The Galaxy S20 alone started from $999.99 at launch and bear in mind that this was Samsung’s cheapest model from this year’s flagship lineup. Naturally, it wasn’t possible for the company to expect high volume shipments if it continued to price them in this fashion so obviously, there would need to be a different strategy in play as far as the Galaxy S21 is concerned. According to details tweeted out by a tipster, the upcoming model could be $100 cheaper than its predecessor, but those cost cuts might arrive in the form of less premium materials.
Samsung Expected to Retain the 120Hz Refresh Rate on the Galaxy S21, but It’s Unconfirmed if It Will Use LTPO OLED Technology
A tipster going by the amusing Twitter handle ‘Not DJ Koh’ talks about the changes rumored to arrive for the Galaxy S21 and Galaxy S21 Ultra. First, let us talk about the Galaxy S21, with the details mentioning a ‘glasstic’ body instead of the metal and glass chassis used by the Galaxy S20. Just to remind you, the Galaxy Note 20 features the same ‘glasstic’ body, which is essentially a plastic frame, with the flagship being sold for $999.99.
However, the advantage here is that the Galaxy S21 will be $100 cheaper than the Galaxy S20, and if it’s treated to better hardware, improved cameras, and other upgrades, then it’s likely that customers won’t complain about the plastic body. Some customers will appreciate the change, while others will prefer if Samsung stuck to the same materials while charging them more.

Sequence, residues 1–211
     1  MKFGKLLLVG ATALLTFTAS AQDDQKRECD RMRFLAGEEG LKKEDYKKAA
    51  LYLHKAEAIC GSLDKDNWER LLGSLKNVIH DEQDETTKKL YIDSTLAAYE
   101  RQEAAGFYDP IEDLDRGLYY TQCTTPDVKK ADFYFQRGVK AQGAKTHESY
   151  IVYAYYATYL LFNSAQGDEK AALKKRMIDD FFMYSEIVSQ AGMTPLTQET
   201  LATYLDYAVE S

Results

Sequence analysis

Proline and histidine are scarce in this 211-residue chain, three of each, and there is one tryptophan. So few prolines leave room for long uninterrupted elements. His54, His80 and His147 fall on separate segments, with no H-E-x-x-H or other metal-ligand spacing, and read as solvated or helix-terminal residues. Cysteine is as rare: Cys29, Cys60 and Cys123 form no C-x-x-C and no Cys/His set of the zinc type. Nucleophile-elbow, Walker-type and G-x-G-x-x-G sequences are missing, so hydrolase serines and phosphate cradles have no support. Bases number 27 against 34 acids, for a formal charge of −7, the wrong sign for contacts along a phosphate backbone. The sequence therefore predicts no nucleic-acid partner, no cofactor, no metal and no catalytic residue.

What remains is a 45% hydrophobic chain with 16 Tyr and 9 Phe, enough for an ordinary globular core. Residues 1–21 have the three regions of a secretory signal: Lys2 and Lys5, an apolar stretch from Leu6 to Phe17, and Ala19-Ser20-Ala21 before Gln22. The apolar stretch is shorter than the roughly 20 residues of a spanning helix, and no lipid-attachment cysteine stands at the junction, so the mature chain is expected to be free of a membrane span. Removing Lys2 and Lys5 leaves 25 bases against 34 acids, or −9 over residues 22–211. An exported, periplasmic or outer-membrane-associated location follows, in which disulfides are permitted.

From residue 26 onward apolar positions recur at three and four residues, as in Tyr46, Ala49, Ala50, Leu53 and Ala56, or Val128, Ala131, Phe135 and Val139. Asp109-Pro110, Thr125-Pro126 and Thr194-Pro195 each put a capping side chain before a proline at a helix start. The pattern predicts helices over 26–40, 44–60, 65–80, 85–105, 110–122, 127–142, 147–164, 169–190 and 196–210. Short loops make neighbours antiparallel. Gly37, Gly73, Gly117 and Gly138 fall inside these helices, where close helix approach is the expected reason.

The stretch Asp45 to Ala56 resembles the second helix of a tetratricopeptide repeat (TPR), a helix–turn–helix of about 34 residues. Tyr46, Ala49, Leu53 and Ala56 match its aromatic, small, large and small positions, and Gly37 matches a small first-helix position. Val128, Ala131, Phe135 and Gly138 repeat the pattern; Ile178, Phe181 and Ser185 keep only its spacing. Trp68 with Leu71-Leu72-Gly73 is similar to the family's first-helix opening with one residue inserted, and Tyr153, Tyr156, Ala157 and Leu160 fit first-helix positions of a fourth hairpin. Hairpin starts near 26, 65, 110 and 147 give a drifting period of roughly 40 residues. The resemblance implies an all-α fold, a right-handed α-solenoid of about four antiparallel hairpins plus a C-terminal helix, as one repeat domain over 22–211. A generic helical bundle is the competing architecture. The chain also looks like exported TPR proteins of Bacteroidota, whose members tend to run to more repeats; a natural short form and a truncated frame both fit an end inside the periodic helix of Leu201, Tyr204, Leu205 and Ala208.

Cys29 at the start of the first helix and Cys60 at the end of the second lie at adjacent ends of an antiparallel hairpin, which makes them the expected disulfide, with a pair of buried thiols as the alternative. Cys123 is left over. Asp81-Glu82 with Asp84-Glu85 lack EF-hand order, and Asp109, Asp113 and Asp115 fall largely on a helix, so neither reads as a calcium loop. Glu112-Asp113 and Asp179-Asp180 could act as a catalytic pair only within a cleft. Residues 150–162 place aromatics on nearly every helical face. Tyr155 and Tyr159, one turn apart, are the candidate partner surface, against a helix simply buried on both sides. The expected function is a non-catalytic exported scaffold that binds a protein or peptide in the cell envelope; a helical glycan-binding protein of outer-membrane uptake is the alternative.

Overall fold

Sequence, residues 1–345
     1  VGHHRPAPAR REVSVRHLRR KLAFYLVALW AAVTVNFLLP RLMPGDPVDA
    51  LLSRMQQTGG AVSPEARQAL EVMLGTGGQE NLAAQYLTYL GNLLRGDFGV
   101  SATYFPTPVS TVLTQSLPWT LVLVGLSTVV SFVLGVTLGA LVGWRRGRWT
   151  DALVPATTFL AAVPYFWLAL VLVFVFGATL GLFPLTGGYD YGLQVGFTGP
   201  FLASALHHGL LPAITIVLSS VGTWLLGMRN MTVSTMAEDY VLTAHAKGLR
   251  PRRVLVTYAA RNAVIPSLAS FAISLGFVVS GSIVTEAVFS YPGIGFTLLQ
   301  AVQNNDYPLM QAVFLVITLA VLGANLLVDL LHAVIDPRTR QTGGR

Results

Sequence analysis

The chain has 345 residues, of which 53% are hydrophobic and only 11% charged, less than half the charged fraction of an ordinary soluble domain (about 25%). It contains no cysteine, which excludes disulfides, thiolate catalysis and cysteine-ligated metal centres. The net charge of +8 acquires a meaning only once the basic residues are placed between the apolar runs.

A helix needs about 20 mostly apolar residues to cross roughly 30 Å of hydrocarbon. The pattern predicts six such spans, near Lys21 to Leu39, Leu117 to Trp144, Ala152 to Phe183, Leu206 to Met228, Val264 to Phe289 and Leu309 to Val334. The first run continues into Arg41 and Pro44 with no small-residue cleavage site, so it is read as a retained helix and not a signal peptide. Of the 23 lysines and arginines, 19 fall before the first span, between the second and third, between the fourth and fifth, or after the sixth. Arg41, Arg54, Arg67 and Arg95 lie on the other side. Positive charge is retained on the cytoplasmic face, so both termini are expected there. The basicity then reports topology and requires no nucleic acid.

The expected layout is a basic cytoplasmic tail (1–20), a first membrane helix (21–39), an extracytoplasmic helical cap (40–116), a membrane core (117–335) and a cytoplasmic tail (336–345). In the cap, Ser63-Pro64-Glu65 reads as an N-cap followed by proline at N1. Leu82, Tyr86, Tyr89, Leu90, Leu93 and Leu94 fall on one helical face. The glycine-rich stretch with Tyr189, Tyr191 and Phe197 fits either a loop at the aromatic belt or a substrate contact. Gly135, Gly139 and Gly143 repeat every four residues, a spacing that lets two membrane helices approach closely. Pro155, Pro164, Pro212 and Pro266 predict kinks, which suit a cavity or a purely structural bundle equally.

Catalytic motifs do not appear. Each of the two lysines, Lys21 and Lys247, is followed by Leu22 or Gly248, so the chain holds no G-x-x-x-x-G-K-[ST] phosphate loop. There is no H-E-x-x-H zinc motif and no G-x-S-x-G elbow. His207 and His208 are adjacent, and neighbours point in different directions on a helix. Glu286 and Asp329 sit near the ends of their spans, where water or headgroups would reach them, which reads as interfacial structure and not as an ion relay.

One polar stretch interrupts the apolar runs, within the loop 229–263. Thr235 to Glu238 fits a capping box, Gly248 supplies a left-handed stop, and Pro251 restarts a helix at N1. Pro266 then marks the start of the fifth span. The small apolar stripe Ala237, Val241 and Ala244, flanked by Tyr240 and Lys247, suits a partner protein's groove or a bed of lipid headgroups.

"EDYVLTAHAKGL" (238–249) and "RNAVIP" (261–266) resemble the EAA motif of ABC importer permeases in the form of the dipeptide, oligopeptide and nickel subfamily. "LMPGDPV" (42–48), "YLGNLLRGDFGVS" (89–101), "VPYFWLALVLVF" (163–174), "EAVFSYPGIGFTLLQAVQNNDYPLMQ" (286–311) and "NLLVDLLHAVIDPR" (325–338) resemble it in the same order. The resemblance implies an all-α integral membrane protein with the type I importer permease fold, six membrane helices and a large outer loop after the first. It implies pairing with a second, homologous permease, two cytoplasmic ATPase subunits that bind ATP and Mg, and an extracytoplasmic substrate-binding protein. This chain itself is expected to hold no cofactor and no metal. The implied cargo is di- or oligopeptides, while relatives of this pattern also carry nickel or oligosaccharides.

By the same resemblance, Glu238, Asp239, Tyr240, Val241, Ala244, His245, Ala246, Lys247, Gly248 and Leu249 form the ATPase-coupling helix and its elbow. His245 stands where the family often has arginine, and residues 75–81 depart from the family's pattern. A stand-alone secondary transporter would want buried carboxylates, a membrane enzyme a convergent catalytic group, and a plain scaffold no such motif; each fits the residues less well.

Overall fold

— ᴺᴼᵀ DJ Koh 🎃 (@not_koh) October 7, 2020
Next, we have the 120Hz refresh rate being retained on the Galaxy S21. That’s a positive thing to near but it’s not confirmed if this refresh rate will be operable on the smartphone’s native resolution or will users have to switch to a less demanding resolution to kick in the aforementioned refresh rate. Also, will the Galaxy S21 sport an advanced LTPO OLED screen like the Galaxy Note 20 Ultra and Galaxy Z Fold 2, allowing the model to seamlessly switch between 1Hz and 120Hz depending on the content being viewed and conserving battery life at the same time? The answers will likely be found in the future.
As for the Galaxy Note 21 Ultra, Not DJ Koh states it will be treated to Samsung’s next-generation Bright HM2 sensor, though the maximum image resolution wasn’t mentioned in the tweet. Like before, treat this info with a pinch of salt and also let us know if you think a ‘glasstic’ body for a cheaper Galaxy S21 makes sense, down in the comments.
News Source: Not DJ Koh